The $76k cost will hit the build

New figures have revealed that the cost of building a home has risen by as much as $76,000, meaning more construction companies will “hit the wall.”

The cost of building a home skyrocketed to a record $76,715 in April as supply chain and labor shortages continued to bite, with alarm bells ringing that more construction companies will collapse in the coming months amid rising prices, forcing contracts become unprofitable with a fixed price.

It’s because the number of construction companies going under this year has accelerated, with predictions that massive price increases will not abate and continue into the next fiscal year.

The $76,000 increase in construction also marks the first time the national average value of approved new homes crossed $400,000 at a time when home and land parcels were seen as an affordable entry point for first-time homebuyers and families.

Economist Maree Kilroy said the huge backlog of work and the global rise in raw material prices will continue to hit the industry.

“The pressures home builders face will not abate in this environment, and we expect more builders to hit the wall, especially less capitalized small to medium-sized operators,” she told the Australian Financial Review

The construction sector has been hit this year by a wave of construction company collapses that shaken confidence in the sector.

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In February, construction giant Probuild shockwaves sent through the industry when it went bankrupt, followed by: Gold Coast-based company Condevwhile Australia’s largest home builder, Metricon, was recently thrown out $30 million lifeline to keep the struggling company afloat.

Smaller operators have also fallen, including: Hotondo Homes HobartHome Innovation Builders and Sydney-based Next onewhile the staff of the builders of Queensland Pivotal Homes were all terminated on site last week.

Over the weekend, Queensland-based construction company Solido Builders also revealed that it unfortunately appointed liquidators

Experts agree that the horror run puts the construction industry at the highest risk of more insolvencies.

Russ Stephens, co-founder of the Association of Professional Builders, has estimated at about 50 percent of Australian construction companies are currently trading insolvent – meaning they can’t pay their bills.

Ross McEwan, CEO of National Australia Bank, said construction was the “sector of most concern” for the bank’s loan portfolio.

ANZ chief Shayne Elliott has described the construction industry as a “fragile sector”, adding that companies that struggled to pass on higher costs were also more at risk of failing in a recession.

“The business model has evolved into a fixed-price contract model. The problem with that is that if you’re dealing with cost shocks or staff shortages, the company can’t pass it on,” he told the Australian-Israel Chamber of Commerce luncheon.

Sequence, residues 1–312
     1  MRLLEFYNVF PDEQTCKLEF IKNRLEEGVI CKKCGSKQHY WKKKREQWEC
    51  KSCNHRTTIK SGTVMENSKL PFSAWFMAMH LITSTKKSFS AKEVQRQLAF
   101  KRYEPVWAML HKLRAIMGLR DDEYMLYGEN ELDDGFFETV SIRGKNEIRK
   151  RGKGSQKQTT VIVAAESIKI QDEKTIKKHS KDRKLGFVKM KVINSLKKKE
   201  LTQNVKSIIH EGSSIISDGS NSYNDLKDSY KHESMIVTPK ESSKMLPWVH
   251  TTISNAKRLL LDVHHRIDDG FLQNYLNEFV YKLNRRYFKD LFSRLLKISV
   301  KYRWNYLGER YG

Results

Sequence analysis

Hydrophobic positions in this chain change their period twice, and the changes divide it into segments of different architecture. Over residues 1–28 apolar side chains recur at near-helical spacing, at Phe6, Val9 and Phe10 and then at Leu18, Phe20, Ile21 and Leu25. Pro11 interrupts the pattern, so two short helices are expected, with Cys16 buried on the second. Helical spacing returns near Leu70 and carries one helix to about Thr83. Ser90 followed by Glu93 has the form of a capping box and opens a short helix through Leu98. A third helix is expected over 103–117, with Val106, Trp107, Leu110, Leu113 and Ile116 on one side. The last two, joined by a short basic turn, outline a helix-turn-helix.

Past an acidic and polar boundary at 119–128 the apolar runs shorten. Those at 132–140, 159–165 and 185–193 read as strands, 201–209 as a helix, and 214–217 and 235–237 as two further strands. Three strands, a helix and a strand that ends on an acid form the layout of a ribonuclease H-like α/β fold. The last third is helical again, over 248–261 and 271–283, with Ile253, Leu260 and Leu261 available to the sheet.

“So you’re in this weird situation, which is a bit counter-intuitive: Construction is booming and construction companies are collapsing.”

It comes as the Australian Bureau of Statistics showed that housing approvals were significantly lower than in April 2021, down 32.4 percent.

From March to April, new home approvals also fell 2.4 percent to 14,908 — surpassing economists’ expectation of just a one percent drop.

JP Morgan economist Jack Stinson predicted that building permits will continue to fall as interest rates rise and house prices fall.

The end of the federal government’s HomeBuilder grant coupled with significantly rising costs in the construction industry will lead to a steady decline in construction approvals in 2022, added Anneke Thompson, CreditorWatch’s chief economist.

“Most builders and subcontractors have workloads, and the inclement weather in NSW and QLD, exacerbated by the late delivery of construction supplies across the country, has delayed many existing projects, reducing capacity for future approvals,” she said.

Rising interest rates will also have a knock-on effect on new home demand, although it could help with cost and capacity pressures plaguing the industry, Ms Thompson added, although other experts have argued that a lack of construction of a pipeline companies financially crippled.

“It can also help reverse the growing number of construction companies that are unable to meet payment terms. CreditorWatch data shows that the industry is a repeat offender when it comes to payment arrears,” she says.

The data shows that 12 percent of construction companies have an average of more than 60 days in arrears, driving contractors to focus more on government contracts that guarantee their pay, which also impacts available builders to complete the work.

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